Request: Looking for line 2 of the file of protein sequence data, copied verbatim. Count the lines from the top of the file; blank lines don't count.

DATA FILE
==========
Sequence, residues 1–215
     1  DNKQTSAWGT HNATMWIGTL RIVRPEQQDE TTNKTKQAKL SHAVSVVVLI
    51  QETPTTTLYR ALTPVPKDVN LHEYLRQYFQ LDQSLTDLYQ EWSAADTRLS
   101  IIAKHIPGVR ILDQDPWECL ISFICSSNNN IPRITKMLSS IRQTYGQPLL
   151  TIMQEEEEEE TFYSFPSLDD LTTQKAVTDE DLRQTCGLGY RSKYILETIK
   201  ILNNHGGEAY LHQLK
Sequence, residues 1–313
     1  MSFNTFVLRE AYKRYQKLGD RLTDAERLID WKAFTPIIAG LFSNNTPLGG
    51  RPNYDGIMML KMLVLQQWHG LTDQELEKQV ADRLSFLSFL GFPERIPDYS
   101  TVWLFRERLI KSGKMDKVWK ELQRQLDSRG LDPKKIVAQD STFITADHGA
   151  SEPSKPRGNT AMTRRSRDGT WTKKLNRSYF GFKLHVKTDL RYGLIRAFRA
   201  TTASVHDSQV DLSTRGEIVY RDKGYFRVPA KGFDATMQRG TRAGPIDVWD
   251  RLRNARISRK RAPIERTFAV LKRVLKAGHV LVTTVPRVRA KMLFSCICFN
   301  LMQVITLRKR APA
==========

     1  DNKQTSAWGT HNATMWIGTL RIVRPEQQDE TTNKTKQAKL SHAVSVVVLI